In sum, with regard to Issue 1, Appellant's multi-pronged challenge to his waiver of the right to counsel, we conclude that there is no merit to any of Appellant's allegations or arguments. After careful review, we affirm the rulings of the PCRA court because they are supported by the record and are free of legal error.

Issue 2: Disclosure of Impeachment Evidence against Ms. Noland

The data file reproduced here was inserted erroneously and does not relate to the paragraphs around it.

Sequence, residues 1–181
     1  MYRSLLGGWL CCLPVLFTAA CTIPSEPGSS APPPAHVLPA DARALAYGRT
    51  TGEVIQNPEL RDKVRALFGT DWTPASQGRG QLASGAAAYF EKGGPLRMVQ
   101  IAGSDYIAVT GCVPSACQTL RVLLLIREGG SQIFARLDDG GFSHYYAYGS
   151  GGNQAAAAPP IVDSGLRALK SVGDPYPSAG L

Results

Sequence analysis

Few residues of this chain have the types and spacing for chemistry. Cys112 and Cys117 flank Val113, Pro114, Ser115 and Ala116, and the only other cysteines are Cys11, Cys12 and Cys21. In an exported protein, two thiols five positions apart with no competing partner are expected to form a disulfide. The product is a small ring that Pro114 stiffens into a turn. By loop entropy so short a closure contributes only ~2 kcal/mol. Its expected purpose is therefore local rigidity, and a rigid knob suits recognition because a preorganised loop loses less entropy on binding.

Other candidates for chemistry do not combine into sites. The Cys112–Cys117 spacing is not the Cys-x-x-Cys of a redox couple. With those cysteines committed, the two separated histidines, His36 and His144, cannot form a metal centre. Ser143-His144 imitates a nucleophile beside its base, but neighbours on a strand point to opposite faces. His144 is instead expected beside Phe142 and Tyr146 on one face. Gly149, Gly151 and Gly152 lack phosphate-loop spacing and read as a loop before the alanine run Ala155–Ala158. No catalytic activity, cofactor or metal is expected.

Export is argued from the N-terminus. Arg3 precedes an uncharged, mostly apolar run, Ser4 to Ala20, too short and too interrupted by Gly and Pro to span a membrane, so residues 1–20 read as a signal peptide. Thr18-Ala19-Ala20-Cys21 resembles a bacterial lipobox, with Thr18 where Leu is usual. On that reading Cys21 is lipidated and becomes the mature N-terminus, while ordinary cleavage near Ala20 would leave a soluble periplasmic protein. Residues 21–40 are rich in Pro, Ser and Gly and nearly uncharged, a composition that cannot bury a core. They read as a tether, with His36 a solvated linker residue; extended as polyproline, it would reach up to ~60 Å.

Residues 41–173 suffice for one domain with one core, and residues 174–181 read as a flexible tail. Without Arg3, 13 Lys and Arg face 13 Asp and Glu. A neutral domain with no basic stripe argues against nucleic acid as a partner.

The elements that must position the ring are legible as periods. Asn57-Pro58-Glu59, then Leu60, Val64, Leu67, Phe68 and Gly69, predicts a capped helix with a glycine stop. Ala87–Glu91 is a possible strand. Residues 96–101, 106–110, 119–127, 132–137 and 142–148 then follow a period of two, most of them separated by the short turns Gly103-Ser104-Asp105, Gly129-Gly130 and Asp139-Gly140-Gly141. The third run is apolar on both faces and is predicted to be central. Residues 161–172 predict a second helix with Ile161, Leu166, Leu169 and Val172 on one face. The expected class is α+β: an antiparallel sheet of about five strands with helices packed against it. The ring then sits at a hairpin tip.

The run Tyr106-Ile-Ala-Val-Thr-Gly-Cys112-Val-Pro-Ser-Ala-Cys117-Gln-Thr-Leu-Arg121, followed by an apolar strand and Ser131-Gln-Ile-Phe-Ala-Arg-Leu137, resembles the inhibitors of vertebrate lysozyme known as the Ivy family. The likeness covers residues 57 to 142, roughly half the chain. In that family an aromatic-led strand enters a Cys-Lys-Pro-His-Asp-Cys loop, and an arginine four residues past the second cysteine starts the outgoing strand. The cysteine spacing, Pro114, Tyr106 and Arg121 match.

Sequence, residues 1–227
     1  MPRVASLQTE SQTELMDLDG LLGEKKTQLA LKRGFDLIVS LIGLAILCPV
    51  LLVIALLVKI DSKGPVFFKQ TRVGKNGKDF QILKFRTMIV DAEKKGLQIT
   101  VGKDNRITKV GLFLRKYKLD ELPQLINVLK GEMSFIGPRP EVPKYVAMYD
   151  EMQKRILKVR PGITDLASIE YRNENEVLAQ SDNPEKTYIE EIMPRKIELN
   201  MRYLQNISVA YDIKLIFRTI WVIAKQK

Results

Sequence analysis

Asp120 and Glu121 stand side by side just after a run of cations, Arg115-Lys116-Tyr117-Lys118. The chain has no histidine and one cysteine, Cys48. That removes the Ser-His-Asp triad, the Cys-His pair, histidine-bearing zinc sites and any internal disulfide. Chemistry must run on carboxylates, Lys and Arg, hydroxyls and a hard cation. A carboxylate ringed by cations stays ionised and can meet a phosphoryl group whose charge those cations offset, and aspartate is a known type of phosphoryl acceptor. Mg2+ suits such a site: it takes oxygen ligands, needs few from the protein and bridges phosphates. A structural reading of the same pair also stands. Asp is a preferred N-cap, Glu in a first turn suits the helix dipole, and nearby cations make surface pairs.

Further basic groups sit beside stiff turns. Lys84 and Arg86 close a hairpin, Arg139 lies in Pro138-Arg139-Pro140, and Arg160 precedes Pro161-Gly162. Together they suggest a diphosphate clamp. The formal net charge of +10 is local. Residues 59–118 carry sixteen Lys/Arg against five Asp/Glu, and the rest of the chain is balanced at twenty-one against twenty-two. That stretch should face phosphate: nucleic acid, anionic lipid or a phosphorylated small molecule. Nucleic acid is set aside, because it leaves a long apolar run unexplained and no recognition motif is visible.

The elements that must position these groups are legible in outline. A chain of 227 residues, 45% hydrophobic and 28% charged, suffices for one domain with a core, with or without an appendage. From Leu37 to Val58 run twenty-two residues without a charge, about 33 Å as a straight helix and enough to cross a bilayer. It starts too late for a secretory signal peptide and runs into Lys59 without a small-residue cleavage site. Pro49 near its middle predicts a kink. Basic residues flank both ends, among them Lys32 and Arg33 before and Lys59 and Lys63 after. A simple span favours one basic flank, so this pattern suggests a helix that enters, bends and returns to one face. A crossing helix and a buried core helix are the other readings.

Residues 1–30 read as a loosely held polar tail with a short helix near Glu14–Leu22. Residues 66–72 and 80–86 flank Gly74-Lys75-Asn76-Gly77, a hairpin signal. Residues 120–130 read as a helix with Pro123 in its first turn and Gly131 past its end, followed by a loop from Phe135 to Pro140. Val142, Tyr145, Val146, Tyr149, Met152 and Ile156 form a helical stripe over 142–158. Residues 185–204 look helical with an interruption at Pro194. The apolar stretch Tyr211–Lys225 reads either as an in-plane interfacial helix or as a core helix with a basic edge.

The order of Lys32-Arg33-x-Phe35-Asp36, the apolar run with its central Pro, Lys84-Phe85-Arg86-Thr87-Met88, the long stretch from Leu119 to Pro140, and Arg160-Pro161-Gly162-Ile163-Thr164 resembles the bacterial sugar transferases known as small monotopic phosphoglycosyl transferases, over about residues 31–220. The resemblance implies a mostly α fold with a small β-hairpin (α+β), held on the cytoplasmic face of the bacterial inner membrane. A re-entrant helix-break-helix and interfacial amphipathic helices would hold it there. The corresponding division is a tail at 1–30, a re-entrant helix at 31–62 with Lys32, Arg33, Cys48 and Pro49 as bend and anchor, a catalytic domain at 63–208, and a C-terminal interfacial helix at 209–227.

In Issue 2, Appellant asserts that his due process rights under the Sixth, Eighth, and Fourteenth Amendments to the United States Constitution were violated when the Commonwealth failed to disclose the terms of an alleged agreement reached with Ms. Noland whereby, in exchange for her trial testimony against Appellant, the charges against her would be reduced and she would receive lenient sentences.*fn8 Appellant's Brief at 26 (citing Brady v. Maryland, 373 U.S. 83 (1963); Kyles v. Whitley, 514 U.S. 419, 437 (1995); Napue v. Illinois, 360 U.S. 264, 269 (1959); Giglio v. United States, 405 U.S. 150, 153-55 (1972)). The Commonwealth disputes the existence of such an agreement, and the PCRA court concluded that Appellant had proffered no evidence to establish its existence. PCRA Court Opinion at 11-13.*fn9